Understanding Low Back Pain
Eight out of ten Canadians will experience low back pain at some time in their lives. In fact, it is the second greatest cause of time loss from work in North America. A recent survey found that a significant number of school age children complain of low back pain.
Injuries, poor posture, heavy lifting and stress are all common causes of back pain. In children, repeated "normal" childhood falls may be a major contributor, combined with prolonged periods of sitting (and slouching) in school and at home in front of the TV. In fact, the majority of us spend most of our time sitting - at home, at work and in the car. This position places the greatest stress on the back.
Not all back pain is the same. It may vary from stiffness to a burning pain in the back, and may involve cramping in the leg or tingling in the toes. The reasons your symptoms may be confusing is that they can arise from different parts of the low back.
This is a common source of back pain in children and adults. The sacroiliac joints are located on either side of the sacrum, or tailbone, where the "dimples" in the low back are, just above the buttocks. The sacroiliac joints are important for proper movement in the hips and back. If they are not moving properly they may cause generalized pain in the back, buttocks, hip, leg, knee or foot. This problem may also cause sciatica - a pain in the buttock which may travel down the back of the leg to the foot. Protective muscle spasms may occur which make it difficult to move or stand straight.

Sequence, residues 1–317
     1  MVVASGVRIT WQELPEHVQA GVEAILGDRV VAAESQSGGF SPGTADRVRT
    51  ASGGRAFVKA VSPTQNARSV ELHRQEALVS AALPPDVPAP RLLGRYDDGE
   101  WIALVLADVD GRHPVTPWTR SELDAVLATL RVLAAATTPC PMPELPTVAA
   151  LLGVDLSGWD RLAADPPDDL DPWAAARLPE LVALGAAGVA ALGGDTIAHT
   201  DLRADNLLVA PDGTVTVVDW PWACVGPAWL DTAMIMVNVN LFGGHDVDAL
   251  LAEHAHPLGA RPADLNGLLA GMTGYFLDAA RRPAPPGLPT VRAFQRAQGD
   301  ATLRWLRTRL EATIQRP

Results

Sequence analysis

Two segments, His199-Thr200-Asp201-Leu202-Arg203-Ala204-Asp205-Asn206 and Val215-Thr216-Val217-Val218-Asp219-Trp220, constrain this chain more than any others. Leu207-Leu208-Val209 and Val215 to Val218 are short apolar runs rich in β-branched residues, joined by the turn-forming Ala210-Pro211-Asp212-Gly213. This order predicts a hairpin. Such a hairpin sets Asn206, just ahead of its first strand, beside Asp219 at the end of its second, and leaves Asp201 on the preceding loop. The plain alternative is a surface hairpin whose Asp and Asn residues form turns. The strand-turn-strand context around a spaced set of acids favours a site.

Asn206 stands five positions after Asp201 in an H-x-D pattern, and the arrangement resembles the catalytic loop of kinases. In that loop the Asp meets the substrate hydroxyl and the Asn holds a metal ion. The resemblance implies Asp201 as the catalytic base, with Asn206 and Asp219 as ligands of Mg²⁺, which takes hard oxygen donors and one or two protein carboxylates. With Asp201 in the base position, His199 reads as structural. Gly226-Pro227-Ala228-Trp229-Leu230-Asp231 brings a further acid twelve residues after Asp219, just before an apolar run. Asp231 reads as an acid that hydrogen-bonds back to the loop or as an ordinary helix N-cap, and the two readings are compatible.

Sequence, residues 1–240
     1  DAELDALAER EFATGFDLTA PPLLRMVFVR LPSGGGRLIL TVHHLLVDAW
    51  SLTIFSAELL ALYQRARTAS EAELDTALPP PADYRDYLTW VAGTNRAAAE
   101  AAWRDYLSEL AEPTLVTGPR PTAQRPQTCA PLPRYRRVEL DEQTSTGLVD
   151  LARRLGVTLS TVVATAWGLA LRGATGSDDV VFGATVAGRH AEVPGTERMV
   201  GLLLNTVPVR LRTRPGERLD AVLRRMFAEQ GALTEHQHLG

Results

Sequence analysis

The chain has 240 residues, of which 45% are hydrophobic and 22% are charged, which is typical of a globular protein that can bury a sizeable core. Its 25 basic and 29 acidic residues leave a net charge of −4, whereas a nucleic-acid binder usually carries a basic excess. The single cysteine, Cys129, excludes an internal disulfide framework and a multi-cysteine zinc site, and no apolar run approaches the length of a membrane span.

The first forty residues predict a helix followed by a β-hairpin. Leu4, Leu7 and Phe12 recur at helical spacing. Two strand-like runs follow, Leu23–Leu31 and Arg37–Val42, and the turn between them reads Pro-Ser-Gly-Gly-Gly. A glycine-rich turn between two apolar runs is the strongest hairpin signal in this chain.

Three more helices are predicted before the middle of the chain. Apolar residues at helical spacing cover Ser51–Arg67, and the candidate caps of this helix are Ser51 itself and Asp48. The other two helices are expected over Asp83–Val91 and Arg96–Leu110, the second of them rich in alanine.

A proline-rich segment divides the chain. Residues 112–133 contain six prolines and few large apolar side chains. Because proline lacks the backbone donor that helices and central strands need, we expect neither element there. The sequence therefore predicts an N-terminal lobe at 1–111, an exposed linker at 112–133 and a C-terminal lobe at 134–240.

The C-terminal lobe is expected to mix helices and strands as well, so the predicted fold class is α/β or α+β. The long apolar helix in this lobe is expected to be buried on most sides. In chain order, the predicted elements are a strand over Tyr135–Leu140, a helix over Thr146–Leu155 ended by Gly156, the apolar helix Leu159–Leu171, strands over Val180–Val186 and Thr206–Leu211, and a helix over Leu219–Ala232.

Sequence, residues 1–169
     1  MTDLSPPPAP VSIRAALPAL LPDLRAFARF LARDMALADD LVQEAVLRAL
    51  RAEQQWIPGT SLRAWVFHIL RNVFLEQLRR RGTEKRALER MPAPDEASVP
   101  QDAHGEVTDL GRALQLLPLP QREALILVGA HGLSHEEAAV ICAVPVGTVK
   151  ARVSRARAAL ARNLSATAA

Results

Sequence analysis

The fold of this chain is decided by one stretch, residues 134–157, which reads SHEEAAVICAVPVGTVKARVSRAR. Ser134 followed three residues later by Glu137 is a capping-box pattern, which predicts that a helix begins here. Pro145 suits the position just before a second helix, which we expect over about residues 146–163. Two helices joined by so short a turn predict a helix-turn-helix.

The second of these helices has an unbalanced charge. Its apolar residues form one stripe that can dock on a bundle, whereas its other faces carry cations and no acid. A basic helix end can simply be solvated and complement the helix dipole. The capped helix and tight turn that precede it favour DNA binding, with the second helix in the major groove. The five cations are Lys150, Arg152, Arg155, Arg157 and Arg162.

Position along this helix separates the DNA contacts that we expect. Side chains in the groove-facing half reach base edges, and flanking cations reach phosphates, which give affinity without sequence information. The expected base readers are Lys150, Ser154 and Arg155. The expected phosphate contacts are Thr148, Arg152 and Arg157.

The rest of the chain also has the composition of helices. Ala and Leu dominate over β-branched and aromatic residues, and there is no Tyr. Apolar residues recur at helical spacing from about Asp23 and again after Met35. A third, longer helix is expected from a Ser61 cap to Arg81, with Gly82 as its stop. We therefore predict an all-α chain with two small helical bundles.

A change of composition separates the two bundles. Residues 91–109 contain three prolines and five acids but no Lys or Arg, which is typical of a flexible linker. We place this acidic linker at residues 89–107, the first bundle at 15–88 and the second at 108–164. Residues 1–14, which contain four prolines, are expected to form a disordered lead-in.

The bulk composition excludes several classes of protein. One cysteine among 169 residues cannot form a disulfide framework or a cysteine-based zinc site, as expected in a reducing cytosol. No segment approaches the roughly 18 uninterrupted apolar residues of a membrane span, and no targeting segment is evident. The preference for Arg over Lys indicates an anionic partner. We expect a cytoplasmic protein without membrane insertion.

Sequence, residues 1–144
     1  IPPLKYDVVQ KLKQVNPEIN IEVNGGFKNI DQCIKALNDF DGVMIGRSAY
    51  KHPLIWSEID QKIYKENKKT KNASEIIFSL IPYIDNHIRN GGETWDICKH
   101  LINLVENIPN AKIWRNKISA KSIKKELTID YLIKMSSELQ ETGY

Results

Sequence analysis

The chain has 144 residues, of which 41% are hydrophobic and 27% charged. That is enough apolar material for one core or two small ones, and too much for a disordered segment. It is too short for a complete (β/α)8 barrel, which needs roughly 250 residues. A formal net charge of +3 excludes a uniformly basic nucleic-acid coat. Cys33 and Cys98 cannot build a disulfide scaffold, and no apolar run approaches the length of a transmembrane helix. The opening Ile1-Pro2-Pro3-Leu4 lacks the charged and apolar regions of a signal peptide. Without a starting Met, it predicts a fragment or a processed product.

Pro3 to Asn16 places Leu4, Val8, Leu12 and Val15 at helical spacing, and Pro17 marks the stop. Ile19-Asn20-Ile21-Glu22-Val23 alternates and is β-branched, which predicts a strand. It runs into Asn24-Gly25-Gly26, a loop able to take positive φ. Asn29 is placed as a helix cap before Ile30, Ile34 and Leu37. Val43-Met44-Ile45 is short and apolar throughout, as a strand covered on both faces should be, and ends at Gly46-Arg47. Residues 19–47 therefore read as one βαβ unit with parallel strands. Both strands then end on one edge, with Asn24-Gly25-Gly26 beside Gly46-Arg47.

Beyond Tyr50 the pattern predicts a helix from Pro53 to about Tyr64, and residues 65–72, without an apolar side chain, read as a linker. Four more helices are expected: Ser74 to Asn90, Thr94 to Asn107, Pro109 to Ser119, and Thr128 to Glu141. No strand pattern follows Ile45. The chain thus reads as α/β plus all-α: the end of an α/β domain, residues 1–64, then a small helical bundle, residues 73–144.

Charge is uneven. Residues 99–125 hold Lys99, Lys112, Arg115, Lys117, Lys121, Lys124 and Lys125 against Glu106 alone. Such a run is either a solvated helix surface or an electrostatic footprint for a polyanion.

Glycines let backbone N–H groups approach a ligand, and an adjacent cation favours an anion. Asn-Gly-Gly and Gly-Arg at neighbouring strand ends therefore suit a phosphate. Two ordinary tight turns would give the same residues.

The often misnamed "slipped" disc is rare and accounts for less than 10 percent of all low back pain. Discs are the cushioning pads between the spinal bones, or vertebrae. Sometimes, under great strain or repeated trauma, part of the soft center of the disc protrudes through its tough outer casing and puts pressure on spinal nerves. Depending on the severity of symptoms, this may respond to conservative care such as chiropractic manipulation or it may require surgical intervention. Your chiropractor is qualified to assess such conditions.
Facet Joint Disorder
Up to 50 percent of lower back disorders may be of this type. Pairs of facet (spinal) joints, that glide one on top of the other, are located along the spine. These joints allow the spine its supple movement in turning or bending. When these joints are exposed to repeated trauma from sports or work injuries, posture strain or accident, or being too sedentary, low back and/or leg pain can be the result. With time, the spine may become stiff and arthritic as the wear and tear of improper movement cause degenerative changes.
Most lower back pain is caused by mechanical problems of the muscles or joints, and responds quickly and effectively to chiropractic manipulation and supporting therapies. Your chiropractor can also offer specialized advice on postural and work habits, exercise and nutrition for your individual condition.